One 69-year-old hospice patient had lost two husbands, one through a divorce and the other through death. She was estranged from her only daughter, who lived in a distant state and refused to come see her. The patient was dying of lung cancer that had spread to her chest. She lived alone in her mobile home, a recluse from her neighbors, and received visits only from her hospice workers. Well into the late stages of her illness, she continued to collect cats, regardless of her inability to care for them. As with many hoarders, she talked about them as “her life.” Her belief that the cats needed her was at least partially a delusion; many of them were neglected to the point of starvation and had learned to forage for themselves. But they gave her life meaning, which she frequently asserted.
I noticed this stayed at the level of an ideal in her mind. Curiously, she spent little time petting, holding or relating to any of the cats. She would dump food in their dish in a rather detached way, and only occasionally would she speak to any individual cat as it passed through the house. It was as if simply having them there was enough. At a deeper level, they were her insurance policy against having to part from anyone dear to her or having to suffer rejection ever again.
She recounted having once fallen to the floor with chest pains and said the cats had organized themselves to revive her, standing on her chest, licking her face, intuiting her needs. She fantasized they would be there like that for her until the end, seeing her off as she passed from this life. She straightforwardly asked her hospice caregivers to bury some of the cats with her, presumably dead or alive. She focused her loyalty and desire to be with these animals far more intensely than she had done with any person she had ever known.
Seen in this light, hoarding is the perfect solution. It is a tactic to have and to hold onto something forever. It is a strategy that effectively erects a buttress against frozen grief and further devastating loss. When someone finally forces the issue and the sheriff or animal control officer takes over, the whole house of cards comes tumbling down. The presence of delayed frozen grief, possible additional loss (through animal removal, necessary euthanasia or enforced cleanup), intense shame and existential panic all reassert themselves in an abrupt manner. It is a very tricky passage for first responders to manage because brittle hoarders may feel as though they have no remaining resources — that their life is, in effect, over.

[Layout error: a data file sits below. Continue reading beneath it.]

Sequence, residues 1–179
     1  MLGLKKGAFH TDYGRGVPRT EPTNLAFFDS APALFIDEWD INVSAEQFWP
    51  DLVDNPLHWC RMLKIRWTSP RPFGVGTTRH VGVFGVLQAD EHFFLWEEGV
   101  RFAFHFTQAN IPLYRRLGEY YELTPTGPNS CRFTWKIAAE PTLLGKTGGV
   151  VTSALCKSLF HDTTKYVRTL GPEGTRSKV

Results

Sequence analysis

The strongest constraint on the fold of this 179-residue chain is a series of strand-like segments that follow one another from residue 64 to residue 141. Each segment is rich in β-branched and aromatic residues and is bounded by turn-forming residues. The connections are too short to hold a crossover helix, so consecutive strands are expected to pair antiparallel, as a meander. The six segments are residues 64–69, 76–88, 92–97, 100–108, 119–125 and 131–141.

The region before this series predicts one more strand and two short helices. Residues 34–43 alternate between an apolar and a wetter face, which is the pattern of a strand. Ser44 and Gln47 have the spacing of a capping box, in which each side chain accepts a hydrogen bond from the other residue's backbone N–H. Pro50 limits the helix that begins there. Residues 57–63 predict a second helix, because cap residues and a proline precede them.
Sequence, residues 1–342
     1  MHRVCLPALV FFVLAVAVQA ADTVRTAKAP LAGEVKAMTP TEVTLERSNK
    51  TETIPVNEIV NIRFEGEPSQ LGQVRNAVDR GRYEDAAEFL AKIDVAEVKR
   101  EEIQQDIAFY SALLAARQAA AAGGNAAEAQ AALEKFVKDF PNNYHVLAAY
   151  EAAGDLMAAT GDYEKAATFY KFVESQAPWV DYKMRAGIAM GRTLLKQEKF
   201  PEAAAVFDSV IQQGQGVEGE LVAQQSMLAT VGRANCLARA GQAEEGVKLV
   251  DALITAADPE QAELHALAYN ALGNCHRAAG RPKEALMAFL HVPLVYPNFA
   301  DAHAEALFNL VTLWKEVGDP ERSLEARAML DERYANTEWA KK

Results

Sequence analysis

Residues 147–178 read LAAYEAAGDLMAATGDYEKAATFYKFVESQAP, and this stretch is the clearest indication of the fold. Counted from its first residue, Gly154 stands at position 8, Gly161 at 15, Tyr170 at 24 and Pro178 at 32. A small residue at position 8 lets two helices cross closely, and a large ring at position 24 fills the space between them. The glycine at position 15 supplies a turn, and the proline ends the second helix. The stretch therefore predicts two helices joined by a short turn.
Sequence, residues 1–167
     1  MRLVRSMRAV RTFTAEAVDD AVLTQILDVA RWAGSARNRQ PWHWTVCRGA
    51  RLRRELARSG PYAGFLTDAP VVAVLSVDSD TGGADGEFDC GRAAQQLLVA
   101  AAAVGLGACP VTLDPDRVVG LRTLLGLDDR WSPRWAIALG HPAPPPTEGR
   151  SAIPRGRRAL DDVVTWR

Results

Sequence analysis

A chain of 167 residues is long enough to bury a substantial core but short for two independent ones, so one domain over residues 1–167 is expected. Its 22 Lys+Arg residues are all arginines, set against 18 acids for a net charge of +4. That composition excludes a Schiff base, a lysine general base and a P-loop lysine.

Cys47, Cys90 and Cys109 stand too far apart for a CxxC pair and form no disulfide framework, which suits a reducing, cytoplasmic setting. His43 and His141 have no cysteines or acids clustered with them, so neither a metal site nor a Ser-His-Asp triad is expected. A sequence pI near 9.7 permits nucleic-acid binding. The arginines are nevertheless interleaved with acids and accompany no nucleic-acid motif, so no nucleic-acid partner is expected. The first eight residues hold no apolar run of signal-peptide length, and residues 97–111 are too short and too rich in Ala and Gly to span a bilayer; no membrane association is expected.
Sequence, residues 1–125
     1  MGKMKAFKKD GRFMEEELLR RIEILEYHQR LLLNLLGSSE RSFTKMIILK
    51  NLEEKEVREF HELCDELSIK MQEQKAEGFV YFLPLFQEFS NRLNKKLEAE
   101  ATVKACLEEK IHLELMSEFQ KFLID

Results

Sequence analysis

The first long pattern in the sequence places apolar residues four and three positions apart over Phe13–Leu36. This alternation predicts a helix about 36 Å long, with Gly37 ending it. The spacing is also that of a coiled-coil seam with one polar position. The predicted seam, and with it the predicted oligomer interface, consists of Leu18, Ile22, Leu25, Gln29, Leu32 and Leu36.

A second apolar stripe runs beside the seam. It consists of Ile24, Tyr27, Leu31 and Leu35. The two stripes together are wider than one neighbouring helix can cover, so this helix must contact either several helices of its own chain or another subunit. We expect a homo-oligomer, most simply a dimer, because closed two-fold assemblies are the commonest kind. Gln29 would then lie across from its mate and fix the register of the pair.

More study needed
This is a very limited sketch of the possible role of frozen grief in the development of hoarding. This article has not dealt with other dynamics, such as the hypersensitivity to judgment, the distorted projections onto authorities, the continued problems with honesty and compliance, the anger related to thwarted control and the frank sociopathy and exploitive cruelty that can surface across a variety of these cases. These elements are just as important to investigate and illuminate. As the authors of the HARC project stated, we are just at the beginning when it comes to understanding hoarding. A rigorous scientific collection and study of cases is needed to more accurately identify important key variables and the relationships among them that begin to explain the continuum of hoarding phenomena. As the study of key variables proceeds, we may be able to fine-tune the effective and timely interventions currently taking place in some locales, thereby helping more hoarders earlier in their process.
We continue to face some significant obstacles in addressing hoarding, however, including widespread public stigma. At the same time, societal values concerning the sanctity of one’s home and our rights to privacy and self-determination combine to make this population very hard to identify until late in the progression of the illness. This fits the agenda of the hoarder and hoarding families very well because they become extremely adept at hiding their behavior. Typically, cases tend to come to light at their nadir, when the person and his or her lifestyle have deteriorated so severely that they demand attention. Consequently, very little is known about the onset and earlier phases of the disorder or its comorbidity with other disorders.
For every hoarding situation that comes to light, there may be an equal or greater number that go undetected because of uneven reporting procedures from community to community. As multidisciplinary teams such as the one at Tufts multiply across various communities, and specifically as they organize themselves to do research, there is great hope of learning more about, and therefore dealing with, the hoarding disorder more effectively.